When I think about the phrase ‘noise machine’ I immediately think of some device, a physical device, not electronic. I feel there must be moving parts.
1. My first idea is a Kitchen implement device. I will begin with re-purposed kitchen utensils, perhaps an egg beater would be a nice start for a crank and a spindle, using a single beater. I want this to be inside something, metal or wood. The outer part will resonate through either percussive strikes or or scratching. I would also like there to me metallic debris on the inside that would interact with the modified egg beater inside the noise chamber. This device would be played by cranking the crank and/or shaking the device. Different angles of vertical orientation would settle the ‘debris’ in different ways, creating different sets of sounds.
2. My second idea is a tumbler, similar to that of Bingo!- except inside the tumbler would not be numbers, but simple to more complex objects that individually make a noise when jostled or shook. The individual shaker/noise makers will be loaded into the tumbler and modulated by the tumbler crank. The cacophony of sounds will depend on what elements are selected and loaded into the tumbler, and how it is then modulated with the tumbler handle. I feel anyone who is physically capable is fully qualified to explore and interact with this device.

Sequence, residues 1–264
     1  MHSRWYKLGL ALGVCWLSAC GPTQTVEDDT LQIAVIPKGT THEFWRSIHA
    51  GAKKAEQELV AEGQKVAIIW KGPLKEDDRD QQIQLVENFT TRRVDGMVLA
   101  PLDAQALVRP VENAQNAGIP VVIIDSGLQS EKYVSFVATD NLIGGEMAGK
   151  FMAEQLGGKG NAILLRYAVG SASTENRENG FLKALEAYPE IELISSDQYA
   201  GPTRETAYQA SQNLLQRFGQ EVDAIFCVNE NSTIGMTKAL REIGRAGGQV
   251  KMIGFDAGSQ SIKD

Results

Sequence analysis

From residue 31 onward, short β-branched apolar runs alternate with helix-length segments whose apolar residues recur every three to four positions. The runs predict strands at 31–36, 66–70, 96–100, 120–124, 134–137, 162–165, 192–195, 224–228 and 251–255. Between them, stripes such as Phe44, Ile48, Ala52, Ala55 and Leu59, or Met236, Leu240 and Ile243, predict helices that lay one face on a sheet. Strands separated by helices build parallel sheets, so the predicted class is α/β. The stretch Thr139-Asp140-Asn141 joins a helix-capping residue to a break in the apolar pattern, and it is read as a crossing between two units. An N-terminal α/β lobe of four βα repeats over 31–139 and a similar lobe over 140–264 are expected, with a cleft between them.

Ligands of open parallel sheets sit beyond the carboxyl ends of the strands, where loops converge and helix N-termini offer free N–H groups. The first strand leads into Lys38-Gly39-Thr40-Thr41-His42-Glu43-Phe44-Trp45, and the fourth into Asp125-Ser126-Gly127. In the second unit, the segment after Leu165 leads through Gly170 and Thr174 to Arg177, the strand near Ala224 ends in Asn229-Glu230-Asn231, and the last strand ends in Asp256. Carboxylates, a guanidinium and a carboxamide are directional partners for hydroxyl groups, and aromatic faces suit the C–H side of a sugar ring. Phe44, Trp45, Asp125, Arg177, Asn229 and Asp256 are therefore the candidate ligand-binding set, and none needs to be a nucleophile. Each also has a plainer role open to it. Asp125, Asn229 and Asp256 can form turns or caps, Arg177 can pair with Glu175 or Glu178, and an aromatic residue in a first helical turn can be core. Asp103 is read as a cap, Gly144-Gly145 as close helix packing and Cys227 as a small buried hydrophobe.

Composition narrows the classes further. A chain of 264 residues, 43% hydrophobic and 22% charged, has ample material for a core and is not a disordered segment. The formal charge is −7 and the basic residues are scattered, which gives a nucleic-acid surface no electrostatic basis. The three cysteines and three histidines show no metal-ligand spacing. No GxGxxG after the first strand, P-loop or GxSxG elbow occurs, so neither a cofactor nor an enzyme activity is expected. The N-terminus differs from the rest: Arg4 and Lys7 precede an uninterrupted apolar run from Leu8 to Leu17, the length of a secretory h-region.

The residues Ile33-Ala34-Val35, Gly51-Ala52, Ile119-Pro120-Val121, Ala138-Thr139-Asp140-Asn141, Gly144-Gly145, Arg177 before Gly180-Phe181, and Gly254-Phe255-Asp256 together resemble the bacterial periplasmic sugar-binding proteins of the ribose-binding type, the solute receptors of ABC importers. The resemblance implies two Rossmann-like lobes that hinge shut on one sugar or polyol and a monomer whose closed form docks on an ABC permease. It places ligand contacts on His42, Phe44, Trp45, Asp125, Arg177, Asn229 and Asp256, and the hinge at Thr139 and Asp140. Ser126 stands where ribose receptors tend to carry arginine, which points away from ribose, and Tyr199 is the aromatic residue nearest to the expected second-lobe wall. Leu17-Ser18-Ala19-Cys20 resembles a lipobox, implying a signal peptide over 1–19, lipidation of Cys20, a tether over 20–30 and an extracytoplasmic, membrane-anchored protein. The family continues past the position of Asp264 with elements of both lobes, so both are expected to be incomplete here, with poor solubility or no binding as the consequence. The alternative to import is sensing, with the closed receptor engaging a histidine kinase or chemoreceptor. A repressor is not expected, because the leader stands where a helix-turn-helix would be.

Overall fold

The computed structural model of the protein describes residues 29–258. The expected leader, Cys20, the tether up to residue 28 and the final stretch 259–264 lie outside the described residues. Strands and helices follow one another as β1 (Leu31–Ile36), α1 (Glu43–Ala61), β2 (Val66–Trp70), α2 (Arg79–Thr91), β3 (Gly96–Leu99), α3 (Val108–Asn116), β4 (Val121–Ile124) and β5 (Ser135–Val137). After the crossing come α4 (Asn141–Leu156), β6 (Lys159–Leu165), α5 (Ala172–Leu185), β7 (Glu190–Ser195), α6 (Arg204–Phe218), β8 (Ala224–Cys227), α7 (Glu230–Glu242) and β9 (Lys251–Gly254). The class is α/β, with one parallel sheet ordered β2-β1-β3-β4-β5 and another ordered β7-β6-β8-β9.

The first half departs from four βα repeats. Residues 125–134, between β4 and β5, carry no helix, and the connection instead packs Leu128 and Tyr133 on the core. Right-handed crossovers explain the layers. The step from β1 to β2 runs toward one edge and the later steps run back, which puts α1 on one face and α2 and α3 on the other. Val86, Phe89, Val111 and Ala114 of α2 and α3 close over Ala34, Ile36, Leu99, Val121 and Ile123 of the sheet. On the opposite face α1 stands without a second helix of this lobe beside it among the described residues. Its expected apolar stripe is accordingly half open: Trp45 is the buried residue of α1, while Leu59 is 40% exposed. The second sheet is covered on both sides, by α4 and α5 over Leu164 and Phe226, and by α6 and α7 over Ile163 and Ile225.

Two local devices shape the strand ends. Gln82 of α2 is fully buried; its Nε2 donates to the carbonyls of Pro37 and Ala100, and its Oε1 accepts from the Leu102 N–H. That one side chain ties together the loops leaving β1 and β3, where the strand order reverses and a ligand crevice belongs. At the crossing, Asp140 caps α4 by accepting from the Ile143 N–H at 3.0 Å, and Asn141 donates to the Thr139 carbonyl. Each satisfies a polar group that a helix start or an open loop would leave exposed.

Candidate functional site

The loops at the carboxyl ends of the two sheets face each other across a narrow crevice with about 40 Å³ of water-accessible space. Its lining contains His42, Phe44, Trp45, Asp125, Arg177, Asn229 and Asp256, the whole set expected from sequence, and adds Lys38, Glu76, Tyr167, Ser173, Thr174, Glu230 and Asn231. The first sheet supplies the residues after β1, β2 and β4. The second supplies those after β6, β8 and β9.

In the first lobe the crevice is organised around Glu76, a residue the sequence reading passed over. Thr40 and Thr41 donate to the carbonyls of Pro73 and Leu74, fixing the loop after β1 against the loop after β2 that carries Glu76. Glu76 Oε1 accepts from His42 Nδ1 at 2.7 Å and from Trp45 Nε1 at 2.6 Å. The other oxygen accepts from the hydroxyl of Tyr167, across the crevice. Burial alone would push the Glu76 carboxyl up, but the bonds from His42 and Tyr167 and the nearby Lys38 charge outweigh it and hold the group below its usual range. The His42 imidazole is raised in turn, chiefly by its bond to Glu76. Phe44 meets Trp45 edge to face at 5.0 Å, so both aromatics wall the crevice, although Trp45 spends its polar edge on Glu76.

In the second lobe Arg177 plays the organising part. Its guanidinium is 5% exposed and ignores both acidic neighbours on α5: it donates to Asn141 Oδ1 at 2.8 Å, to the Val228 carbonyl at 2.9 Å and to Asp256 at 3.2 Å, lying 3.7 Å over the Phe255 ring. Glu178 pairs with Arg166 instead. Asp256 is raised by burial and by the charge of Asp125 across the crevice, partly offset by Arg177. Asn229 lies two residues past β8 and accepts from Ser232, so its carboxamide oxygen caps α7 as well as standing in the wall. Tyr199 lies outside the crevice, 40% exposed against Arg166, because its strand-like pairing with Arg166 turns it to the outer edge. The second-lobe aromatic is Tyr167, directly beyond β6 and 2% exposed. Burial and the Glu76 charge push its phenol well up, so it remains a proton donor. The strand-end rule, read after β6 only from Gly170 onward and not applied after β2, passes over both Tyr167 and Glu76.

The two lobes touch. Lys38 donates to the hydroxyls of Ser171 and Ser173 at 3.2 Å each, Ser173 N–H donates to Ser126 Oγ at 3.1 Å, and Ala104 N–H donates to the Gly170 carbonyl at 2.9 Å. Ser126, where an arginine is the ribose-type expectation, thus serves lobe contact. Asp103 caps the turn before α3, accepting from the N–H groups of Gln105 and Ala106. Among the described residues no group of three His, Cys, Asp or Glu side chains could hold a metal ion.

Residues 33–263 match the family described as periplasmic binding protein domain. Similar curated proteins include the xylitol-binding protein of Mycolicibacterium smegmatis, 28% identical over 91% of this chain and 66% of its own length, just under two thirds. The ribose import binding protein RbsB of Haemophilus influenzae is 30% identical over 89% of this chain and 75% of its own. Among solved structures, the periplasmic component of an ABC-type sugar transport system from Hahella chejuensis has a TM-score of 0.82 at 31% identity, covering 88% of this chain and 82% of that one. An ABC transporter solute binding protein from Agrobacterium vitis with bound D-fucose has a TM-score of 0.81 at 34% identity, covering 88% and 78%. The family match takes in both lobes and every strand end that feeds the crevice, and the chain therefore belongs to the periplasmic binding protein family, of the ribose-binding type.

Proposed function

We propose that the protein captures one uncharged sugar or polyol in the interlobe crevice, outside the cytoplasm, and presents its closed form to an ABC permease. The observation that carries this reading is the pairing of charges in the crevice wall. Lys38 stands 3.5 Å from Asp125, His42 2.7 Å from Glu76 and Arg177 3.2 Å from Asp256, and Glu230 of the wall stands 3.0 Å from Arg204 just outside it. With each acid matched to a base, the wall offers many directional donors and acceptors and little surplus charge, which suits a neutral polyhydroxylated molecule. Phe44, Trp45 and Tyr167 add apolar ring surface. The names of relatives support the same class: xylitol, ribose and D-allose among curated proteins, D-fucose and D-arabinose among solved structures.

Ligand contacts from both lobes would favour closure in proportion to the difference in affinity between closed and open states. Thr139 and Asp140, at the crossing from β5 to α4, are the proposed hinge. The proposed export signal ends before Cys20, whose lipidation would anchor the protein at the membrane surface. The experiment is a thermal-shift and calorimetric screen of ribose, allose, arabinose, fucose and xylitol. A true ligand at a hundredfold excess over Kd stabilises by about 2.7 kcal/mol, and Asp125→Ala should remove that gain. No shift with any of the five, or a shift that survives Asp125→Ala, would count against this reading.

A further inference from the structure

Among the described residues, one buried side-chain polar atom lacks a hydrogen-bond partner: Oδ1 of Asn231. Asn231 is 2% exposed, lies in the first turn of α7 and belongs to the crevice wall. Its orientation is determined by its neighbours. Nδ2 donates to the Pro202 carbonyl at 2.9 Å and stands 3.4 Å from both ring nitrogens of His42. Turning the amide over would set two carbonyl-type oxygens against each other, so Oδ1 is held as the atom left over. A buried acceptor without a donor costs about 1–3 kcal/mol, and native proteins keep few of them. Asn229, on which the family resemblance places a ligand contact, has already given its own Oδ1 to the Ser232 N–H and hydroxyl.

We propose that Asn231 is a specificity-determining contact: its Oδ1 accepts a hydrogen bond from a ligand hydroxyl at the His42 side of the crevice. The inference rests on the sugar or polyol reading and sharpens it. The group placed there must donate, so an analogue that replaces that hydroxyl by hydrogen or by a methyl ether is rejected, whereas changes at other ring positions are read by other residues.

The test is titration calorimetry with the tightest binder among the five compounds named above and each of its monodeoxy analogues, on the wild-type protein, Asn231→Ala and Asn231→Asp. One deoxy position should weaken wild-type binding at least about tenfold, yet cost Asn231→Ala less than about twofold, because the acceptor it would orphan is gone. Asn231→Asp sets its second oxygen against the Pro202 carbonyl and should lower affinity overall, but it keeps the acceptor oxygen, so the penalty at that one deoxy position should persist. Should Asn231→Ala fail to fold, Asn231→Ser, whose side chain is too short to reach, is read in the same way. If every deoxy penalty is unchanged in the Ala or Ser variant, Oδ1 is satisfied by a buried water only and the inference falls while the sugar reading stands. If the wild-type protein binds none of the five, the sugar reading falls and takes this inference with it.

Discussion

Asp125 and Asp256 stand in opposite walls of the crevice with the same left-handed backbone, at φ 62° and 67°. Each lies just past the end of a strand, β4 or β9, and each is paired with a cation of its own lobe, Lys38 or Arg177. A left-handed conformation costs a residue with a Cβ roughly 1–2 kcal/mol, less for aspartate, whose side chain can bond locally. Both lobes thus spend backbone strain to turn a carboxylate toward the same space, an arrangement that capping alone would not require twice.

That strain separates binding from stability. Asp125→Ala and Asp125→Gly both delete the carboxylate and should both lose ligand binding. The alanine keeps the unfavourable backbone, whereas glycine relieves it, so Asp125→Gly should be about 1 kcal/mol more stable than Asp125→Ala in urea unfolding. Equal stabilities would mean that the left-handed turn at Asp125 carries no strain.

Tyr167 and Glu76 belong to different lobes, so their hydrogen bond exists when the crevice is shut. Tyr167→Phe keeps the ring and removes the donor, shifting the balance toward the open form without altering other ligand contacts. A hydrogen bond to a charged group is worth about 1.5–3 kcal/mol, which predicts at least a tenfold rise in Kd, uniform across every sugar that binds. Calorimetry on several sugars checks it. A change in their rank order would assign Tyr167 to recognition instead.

3. My third idea breaks from the conventions I set out for myself for the first two, as it involves some basic electronics, and really does not generate noise itself, but helps listen to subtle, hard to hear vibrations. The device is a stethoscope with a microphone attached. It will be used to listen to drones and hums, existing noise! of machines. It will be used by placing on the surface of any ‘running’ machine, or even surround architecture. A building’s architecture is in constant motion – vibration, and motion can represent sound. Normally these sounds and noises are not heard, or have become a part of the ambient sound of a particular location, by amplifying these sounds/noises lost in the mix of ambient sound, we can hear them for what they are, and begin to appreciate the normally unheard.